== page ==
Saturday, February 19, 2011

Blaze a trail and break new ground

“In computer education, the college has blazed a trail and broken new ground”, read a sentence in a recent newspaper article about the achievements of a college in computer education.  I tried to picture the situation: the students and the staff of the college burning a path and breaking a new ground at the same time.  It seemed a purposeless task – the blazing and the breaking, not the picturing.  Then I tried to place computers in the situation: what were they supposed to be doing in a place where a good deal of blazing and breaking was going on?  Whatever, they had to be there because the sentence talked about computers also.  But their presence only made the picture even more incongruous.

Incongruous it may be, but delightful – or, delightful because it is incongruous.  Both “blaze a trail” and “break new ground” are cliches.  By bringing them together in the same situation and creating a metaphorical confusion involving two images at war with each other, the newspaper hack has unwittingly infused life into them.  Here is another odd mix: “He was rushing about like a bull in a china shop, until he found himself on the horns of a dilemma.”  Even more ridiculous – and, therefore, more pleasing – is the metaphorical confusion created by the scientist who announced the discovery of “a virgin field pregnant with possibilities”.  The most delightful of all mixed metaphors, however, is the one produced by that cautious statesman who claimed that he was “sitting on the fence with one ear to the ground”.  Picture that monstrous ear!

Poets are notorious – I mean, famous – for mixed metaphors.  Shakespeare, a densely figurative poet, often mixed metaphors.  Hamlet, in his famous soliloquy, “To be or not to be”, talks about taking “arms against a sea of troubles”.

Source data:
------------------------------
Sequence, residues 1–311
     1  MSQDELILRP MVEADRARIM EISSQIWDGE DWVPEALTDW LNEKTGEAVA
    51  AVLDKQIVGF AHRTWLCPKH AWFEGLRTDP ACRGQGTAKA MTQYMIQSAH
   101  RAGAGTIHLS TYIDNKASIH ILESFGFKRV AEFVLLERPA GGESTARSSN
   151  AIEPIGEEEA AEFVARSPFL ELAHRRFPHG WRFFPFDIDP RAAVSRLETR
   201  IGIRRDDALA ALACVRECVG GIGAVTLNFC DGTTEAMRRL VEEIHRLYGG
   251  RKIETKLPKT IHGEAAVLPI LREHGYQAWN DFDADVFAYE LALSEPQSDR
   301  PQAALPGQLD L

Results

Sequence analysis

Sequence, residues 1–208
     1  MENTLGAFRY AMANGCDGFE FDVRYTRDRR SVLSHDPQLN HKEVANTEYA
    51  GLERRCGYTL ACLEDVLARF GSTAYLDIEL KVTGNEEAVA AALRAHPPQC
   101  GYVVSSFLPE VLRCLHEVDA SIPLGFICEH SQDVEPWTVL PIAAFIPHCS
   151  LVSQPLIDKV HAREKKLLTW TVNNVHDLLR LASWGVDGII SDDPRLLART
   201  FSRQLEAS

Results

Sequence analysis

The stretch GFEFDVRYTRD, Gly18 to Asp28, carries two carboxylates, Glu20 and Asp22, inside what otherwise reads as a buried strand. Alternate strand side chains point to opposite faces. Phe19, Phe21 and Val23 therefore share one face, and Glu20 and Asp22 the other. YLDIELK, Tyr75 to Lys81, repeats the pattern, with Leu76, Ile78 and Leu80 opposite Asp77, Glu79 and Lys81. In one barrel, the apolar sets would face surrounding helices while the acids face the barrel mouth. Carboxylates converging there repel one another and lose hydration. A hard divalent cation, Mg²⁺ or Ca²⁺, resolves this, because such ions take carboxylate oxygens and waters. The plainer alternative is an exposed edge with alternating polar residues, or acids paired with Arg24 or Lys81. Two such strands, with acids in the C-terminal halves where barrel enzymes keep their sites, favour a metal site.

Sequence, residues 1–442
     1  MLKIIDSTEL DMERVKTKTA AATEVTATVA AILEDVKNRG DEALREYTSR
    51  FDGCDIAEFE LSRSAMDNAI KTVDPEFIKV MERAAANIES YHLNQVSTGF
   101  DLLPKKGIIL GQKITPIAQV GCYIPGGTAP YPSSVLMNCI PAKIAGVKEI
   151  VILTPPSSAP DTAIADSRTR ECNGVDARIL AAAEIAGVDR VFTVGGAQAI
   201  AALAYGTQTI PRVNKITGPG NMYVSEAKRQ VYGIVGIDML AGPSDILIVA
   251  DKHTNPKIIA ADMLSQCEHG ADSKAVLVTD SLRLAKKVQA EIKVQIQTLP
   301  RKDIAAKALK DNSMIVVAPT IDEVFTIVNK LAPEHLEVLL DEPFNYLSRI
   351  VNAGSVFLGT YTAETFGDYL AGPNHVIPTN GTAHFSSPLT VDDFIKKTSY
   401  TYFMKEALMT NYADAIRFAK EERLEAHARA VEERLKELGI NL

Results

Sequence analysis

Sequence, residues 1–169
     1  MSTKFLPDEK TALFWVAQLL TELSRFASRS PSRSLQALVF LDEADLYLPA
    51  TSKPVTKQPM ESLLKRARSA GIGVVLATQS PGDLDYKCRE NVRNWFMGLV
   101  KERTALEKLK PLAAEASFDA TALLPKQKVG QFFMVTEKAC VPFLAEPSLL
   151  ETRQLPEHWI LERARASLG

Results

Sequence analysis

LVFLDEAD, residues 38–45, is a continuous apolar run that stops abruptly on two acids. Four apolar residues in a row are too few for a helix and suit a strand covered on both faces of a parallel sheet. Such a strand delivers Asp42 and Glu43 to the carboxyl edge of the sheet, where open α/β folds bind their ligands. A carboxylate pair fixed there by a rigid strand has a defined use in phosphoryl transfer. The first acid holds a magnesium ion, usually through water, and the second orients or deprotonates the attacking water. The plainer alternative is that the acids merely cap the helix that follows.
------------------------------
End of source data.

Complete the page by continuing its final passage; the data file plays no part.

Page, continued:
But that’s just the tip of the metaphorical iceberg.  The plot thickens – it’s a plot within an iceberg after all! – the moment we enter the realm of multiple mixed metaphors.  One of the early masters of this art was Sir Boyle Roche, a British parliamentarian, who is reported to have said: “Mr Speaker, I smell a rat; I see him forming in the air and darkening the sky; but I’ll nip him in the bud.”  

If you gird up your loins and plough through the mountainous mass of mixed metaphors, you’ll find that the richest crop has been produced by politicians.  (By the way, how’s that multiple mixed metaphor?) The following example (cited by Beresford in his A User’s Guide to Grammar) in which a politician mixes maritime and equestrian imagery, will vouch for the quality of that bumper crop: “We shall sail forth, riding roughshod over the backwoodsmen, to establish a new Jerusalem…”

Mixed metaphors make possible what would normally be impossible.  Thanks to them, you can stir up a hornet’s nest and end up with egg on your face; you can open a Pandora’s box, and Trojan horses will jump out; and, of course, a college can blaze and break the ground at the same time.  Let’s not, therefore, bite the hand that lays golden eggs.

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